A ‘community’ is just a ‘place’ if the newspaper dies

By Bob Morrison

Bob Morrison

This column originally appeared in the Urbana (OH) Daily Citizen, a publication of AIM Media Midwest.

“You don’t know what you’ve got ’til it’s gone.” The old adage came to mind as I thought about my local newspaper – the one that’s been printing my columns for several years. It reports on local government, sports, arts, births, deaths, achievements, crimes, churches and the myriad of other things that make up our daily lives. People still clip and deliver pictures of friends because it’s something important when your child’s picture is in the paper.

I’ve lived mostly in small and mid-size communities with newspapers that have struggled to survive; and I’ve appreciated them as the nerve system of communities – the network that keeps people in touch with what others are doing. Today I took a look to see what’s happening in my towns.

New Albany, Indiana – A student at the Community College has organized a “Recovery Rally” to “celebrate those in recovery and remember those who lost their battles.” The President of the Community College System and the state Drug Czar (yes, it’s an official state level position) will participate.

Urbana, Ohio – On Sunday afternoon there was a fund-raising bike ride on the Simon Kenton Trail. 15 miles are paved. Proceeds went toward completing the 32-mile trail to a connection that will allow a 109-mile ride from Urbana to Cincinnati.

Asheboro, North Carolina – Journalist and author Kevin Maurer will speak at the Sunset Theater at 7 p.m. on September 13. He is co-author along with a Navy Seal of “No Easy Day” an account of the killing of Osama Bin Laden.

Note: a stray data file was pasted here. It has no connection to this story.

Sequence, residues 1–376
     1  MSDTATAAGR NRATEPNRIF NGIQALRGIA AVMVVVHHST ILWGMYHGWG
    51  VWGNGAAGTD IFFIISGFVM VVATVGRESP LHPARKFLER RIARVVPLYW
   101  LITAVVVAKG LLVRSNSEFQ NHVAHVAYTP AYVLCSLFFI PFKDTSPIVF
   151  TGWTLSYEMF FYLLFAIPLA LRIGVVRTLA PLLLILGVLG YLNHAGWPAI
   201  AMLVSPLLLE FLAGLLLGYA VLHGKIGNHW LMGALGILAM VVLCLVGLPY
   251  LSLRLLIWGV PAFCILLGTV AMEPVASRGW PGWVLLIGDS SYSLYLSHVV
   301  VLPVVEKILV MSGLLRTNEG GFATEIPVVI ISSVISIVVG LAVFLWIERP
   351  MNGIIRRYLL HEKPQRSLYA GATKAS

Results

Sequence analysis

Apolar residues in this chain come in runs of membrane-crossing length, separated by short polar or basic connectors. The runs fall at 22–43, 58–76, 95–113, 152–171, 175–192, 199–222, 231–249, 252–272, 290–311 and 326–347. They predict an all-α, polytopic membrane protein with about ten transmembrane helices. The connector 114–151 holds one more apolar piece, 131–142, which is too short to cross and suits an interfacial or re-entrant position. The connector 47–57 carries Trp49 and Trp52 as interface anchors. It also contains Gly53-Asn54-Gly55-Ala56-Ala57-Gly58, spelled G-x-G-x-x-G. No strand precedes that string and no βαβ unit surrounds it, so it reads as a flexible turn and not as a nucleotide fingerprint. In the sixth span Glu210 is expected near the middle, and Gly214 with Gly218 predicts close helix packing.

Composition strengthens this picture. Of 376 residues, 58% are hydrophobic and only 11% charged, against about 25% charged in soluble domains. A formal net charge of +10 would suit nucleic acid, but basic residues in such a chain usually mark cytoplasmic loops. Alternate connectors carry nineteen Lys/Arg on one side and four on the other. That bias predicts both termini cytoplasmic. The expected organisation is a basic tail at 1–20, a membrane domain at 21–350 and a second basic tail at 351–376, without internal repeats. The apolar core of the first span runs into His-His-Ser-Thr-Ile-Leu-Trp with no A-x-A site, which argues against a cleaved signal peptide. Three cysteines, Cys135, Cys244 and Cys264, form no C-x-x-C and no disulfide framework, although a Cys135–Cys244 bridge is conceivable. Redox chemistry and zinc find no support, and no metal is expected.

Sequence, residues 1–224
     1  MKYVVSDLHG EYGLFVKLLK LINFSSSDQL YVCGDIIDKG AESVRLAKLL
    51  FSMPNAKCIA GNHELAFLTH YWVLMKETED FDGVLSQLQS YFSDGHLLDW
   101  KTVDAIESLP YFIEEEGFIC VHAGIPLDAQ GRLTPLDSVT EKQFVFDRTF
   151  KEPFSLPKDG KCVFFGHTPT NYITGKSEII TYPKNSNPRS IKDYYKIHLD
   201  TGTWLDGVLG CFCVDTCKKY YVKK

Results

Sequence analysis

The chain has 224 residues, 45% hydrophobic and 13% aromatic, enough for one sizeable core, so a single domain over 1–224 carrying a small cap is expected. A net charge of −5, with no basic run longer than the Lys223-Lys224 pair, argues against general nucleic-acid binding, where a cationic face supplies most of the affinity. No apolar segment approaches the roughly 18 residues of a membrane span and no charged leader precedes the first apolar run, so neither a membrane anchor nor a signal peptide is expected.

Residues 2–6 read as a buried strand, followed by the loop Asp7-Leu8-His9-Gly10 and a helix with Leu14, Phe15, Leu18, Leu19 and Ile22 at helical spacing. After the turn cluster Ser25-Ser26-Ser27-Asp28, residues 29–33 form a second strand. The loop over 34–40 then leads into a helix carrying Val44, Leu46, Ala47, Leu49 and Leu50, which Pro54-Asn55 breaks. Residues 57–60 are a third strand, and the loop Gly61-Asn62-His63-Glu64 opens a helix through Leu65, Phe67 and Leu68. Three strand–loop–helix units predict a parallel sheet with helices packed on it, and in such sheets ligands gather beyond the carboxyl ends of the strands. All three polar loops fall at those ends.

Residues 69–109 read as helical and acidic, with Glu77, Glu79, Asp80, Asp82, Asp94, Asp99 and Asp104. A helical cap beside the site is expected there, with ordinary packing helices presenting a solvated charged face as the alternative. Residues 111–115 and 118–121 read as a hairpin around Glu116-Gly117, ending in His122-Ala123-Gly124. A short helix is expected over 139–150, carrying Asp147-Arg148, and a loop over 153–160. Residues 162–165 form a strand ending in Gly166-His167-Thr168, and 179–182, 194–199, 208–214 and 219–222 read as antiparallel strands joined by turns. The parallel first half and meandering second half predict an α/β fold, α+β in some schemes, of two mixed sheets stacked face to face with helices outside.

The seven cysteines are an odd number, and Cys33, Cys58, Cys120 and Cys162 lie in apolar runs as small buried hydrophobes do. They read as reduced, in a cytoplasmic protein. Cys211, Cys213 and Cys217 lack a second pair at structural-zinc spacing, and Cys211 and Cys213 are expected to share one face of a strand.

Each of those stories is important in its local community but of no particular interest in the others. What will happen if too few people show up to hear the writer, contribute to the bike trail and support those recovering from drug addiction? Each of the newspapers covered other local stories, good news and tragedies. Residents might learn about a few of them in one way or another via social media but only the newspaper attempts to bring so many local stories together in one place. Those newspapers are the only places where journalists with professional skills report local news in a reliable and consistent way.

A few days ago, I had conversations with two executives who don’t subscribe to a local newspaper. They both get their news from regional TV and a large market newspaper. I was amazed to find that both were completely unaware of big local stories about possible tax increases to fund major construction projects. But, how would they know? Their chosen news outlets don’t cover the places where they live.

My first draft referred to “the communities where they live.” I changed “communities” to “places” because the places cease to be communities when the people who live there don’t know about each other or about local events. We can’t care about things and people that we don’t know. We won’t attend invisible events.

Because my work is published, I hear complaints about newspapers and journalists. I’m glad about that. Only the people who read the newspaper know enough to complain when something isn’t just right (or when they don’t like seeing the truth in print). Don’t just complain about the newspaper. Complain to the newspaper. I’ve been around enough journalists to know that they can handle it and in most cases they’ll use valid criticism as an opportunity to improve.

Most of all, what we need is for more people to subscribe. More subscribers means the newspaper can charge higher rates for advertising. They need both of those revenue streams. If you’re reading free on-line please beware. When we reach the point where everyone reads “free” the journalism will be worth exactly what you’re paying for it. For reference, examine the accuracy and quality of your free Facebook feed.

Six days per week my newspaper brings information worth far more than the $14 that I pay each month. But the greatest value is that so many of my friends and neighbors get the same information. We learn the same facts. That makes us a community. Without it, we’re just a place on a map. I want to live in a community, not a place.

It’s true too often that you don’t know what you’ve got ’til it’s gone.

Bob Morrison lived in Urbana, Ohio, from 1982-1992 and served as president of Mercy Memorial Hospital and as president of the Champaign County Chamber of Commerce. He is retired from serving as president of Randolph Hospital from 1992-2012 in Asheboro, N.C., where he still resides.

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